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First Steps

No one ever plans for divorce but sometimes it is inevitable, and sometimes it is for the best in the long-term.

The first step in the divorce is the initial filing, call the Verified Complaint. Once filed with the Court, the Complain must be given to the other spouse, who then has 21 days to respond with legal pleadings called an Answer.

A person will often worry that once they file for divorce the other person will simply stop contributing to the household expenses. At the time of filing, we can ask the judge to sign an Order requiring both parties to contribute to the marital expenses throughout the divorce process.

Issues for Resolution

The most important issues for resolution will relate to any minor children involved.

The parties will have to determine custody. There are two kinds of custody, legal custody and physical custody. Legal custody means the ability to make large decisions for the Child, such as decisions related to school, medical choices, and religion. Physical custody relates to which household the Child resides.

After the parties decide custody, they must create a parenting time schedule. A parenting time schedule defines which household the child spends the night. A parenting time schedule can be any schedule the parents can create. For practical purposes, the schedule is often based on the school and extracurricular schedule of the Child and the work schedule of the parents. Often, the Child will alternate the households for holidays.

The parties must then determine if child support is necessary. Child support is an amount of money paid by one parent to the other parent. Child support is determined by a formula created by the state government. The formula takes into account the number of overnights the parents have, the income of the parents, and which parent pays health insurance.

Property issues

After resolving issues related to the children, the parties will have to create a property settlement. The first step will be to determine which property owned by the parties is marital property. Marital property is the property acquired during the marriage. Marital property will be split equally. Parties will keep any separate property, which would be property before the marriage or through inheritance.

Often, the largest asset owned by a married couple will be a house. The parties will need to determine the worth of the house. Generally, the parties will do one of two things with the house. First, one party can be awarded the marital home and pay to the other spouse half of the home equity. Or the parties can sell the home and split the proceeds equally.

The second largest asset owned by parties will be retirement accounts or bank accounts. All of the accounts will need to be researched to determine what is marital property versus what is separate property.

Personal property must generally be divided by the parties, as the parties will know their own property better than the attorneys, and will save a lot of money by negotiating the personal property on their own.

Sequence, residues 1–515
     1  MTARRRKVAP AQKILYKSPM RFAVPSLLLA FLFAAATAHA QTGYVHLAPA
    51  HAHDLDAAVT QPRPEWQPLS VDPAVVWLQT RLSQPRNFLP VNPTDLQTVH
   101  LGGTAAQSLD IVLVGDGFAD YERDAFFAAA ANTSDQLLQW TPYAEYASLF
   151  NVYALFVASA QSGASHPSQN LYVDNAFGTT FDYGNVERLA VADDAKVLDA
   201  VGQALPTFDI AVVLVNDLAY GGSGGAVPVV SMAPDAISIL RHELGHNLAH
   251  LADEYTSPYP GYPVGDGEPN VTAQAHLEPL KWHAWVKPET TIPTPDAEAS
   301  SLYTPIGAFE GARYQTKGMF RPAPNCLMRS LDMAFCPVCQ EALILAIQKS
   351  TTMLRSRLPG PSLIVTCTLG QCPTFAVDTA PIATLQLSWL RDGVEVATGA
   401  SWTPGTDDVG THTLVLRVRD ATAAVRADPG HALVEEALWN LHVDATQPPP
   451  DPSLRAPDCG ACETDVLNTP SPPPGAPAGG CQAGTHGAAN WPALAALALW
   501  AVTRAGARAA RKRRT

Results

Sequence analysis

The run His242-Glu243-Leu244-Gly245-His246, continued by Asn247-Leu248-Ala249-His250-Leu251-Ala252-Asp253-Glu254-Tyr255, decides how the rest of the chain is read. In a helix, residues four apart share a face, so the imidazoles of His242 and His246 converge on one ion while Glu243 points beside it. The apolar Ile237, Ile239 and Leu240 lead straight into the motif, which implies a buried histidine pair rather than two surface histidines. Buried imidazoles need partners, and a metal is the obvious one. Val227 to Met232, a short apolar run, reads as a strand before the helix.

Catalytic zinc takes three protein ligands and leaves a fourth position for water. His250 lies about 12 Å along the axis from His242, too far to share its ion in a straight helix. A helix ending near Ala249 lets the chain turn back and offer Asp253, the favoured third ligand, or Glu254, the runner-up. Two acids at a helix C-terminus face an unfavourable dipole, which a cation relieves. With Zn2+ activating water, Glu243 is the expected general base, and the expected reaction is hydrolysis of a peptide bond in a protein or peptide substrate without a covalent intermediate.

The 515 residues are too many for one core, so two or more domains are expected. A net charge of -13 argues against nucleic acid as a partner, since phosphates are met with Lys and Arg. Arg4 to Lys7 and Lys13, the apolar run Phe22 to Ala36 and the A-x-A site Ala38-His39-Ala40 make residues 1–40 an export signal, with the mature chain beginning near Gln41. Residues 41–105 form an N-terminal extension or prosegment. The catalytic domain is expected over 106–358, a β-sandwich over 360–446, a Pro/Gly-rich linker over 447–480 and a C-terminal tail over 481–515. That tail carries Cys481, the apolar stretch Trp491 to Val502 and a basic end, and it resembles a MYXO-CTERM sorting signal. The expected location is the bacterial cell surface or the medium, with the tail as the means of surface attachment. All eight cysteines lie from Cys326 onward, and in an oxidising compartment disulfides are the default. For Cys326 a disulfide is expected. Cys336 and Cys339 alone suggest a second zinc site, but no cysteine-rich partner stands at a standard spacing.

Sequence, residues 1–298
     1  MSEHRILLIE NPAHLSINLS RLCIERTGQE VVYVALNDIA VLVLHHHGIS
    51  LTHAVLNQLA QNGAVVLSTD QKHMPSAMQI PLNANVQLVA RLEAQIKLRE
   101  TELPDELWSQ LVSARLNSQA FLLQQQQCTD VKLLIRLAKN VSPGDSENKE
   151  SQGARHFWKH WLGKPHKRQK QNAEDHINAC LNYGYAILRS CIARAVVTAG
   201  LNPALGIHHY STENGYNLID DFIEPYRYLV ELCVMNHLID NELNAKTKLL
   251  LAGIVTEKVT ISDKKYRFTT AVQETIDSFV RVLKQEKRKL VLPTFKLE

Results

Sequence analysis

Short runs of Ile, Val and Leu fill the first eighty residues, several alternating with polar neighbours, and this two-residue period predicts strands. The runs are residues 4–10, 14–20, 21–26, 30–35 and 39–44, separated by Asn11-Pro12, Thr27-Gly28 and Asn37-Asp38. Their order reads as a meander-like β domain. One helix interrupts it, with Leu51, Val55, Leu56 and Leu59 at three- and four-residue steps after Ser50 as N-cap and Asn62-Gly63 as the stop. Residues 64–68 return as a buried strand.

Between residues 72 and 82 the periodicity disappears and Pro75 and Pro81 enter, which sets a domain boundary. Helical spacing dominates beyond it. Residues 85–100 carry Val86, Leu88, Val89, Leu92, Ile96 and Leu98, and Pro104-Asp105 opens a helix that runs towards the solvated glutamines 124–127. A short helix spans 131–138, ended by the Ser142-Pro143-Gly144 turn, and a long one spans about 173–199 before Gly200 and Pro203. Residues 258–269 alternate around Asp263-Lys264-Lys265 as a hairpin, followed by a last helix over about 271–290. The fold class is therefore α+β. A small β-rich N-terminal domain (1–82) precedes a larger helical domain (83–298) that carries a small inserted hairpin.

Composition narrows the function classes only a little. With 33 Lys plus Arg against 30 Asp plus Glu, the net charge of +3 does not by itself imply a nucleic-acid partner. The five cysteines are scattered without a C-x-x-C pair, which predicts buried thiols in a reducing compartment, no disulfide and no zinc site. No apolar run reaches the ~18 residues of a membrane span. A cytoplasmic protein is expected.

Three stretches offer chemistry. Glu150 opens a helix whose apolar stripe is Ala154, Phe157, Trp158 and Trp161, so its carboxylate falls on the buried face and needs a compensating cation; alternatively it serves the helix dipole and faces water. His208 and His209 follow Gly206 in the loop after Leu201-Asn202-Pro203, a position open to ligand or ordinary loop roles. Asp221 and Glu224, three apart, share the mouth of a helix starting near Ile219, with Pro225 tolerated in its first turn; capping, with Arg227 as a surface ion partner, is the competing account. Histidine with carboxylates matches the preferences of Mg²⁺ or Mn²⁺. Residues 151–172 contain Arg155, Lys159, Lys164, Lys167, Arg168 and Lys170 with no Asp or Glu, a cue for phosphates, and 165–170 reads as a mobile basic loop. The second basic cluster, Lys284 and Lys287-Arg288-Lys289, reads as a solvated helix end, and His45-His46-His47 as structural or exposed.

Spousal Support

Spousal support may be appropriate in some divorces. Spousal support is based on the needs of one party in the divorce. Often this need arises because the parties have unequal incomes. This is seen where one party chose to stay home to raise children rather than join the workforce. Spousal support, unlike child support, is ultimately negotiable.

During the early phases of the divorce process, the parties and their attorneys should explore whether the case can resolve through negotiations. Cases resolved in this way will help save the expense and time of mediation.


Many divorce cases are now resolved through mediation. Mediation is a process through which the parties negotiate a settlement. The parties’ attorneys will agree on a neutral and independent attorney to act as a mediator, often an attorney with experience practicing in the same court as the divorce. The mediator facilitates a conversation between the parties to resolve the case.

Generally, the parties will go to the mediator’s office, and sit in separate rooms with their attorneys. The mediator will go back and forth between the parties with proposals and settlement offers.

The mediator has the power to draft an agreement that if signed by the parties will act as a binding contract.

Mediation is often a very effective method to resolve a divorce. The parties are literally forced to the negotiating table. Parties are often happier with mediation than trial because they have more control over the outcome.


Trial in a divorce case is statistically rare. Generally, judges will force the clients to attempt mediation at least twice before entertaining the idea of trial. Then, the judge will personally try to twist the attorneys’ arms to get them to settle, reminding the parties of the expense involved in trial.

Unfortunately, a trial sometimes is necessary, either because a party would not negotiate in good faith or the parties are simply too much in disagreement on the issues.

A trial in a divorce case is not a zero-sum game. A divorce trial is not like football, in which one team wins and one team loses. The Judge is often forced to “split the baby,” meaning each party wins and each party loses. This is the main reason most cases will settle short of trial.

Nevertheless, we are prepared to go to trial in any case.

Contact Us

Call Sam Bernstein at 734.883.9584 or at

ArborYpsi Law is located at 2750 Carpenter Rd., Ste 3, Ann Arbor, MI 48108.

We regularly appear in Washtenaw, Wayne, and Oakland County Circuit Courts in Divorce cases.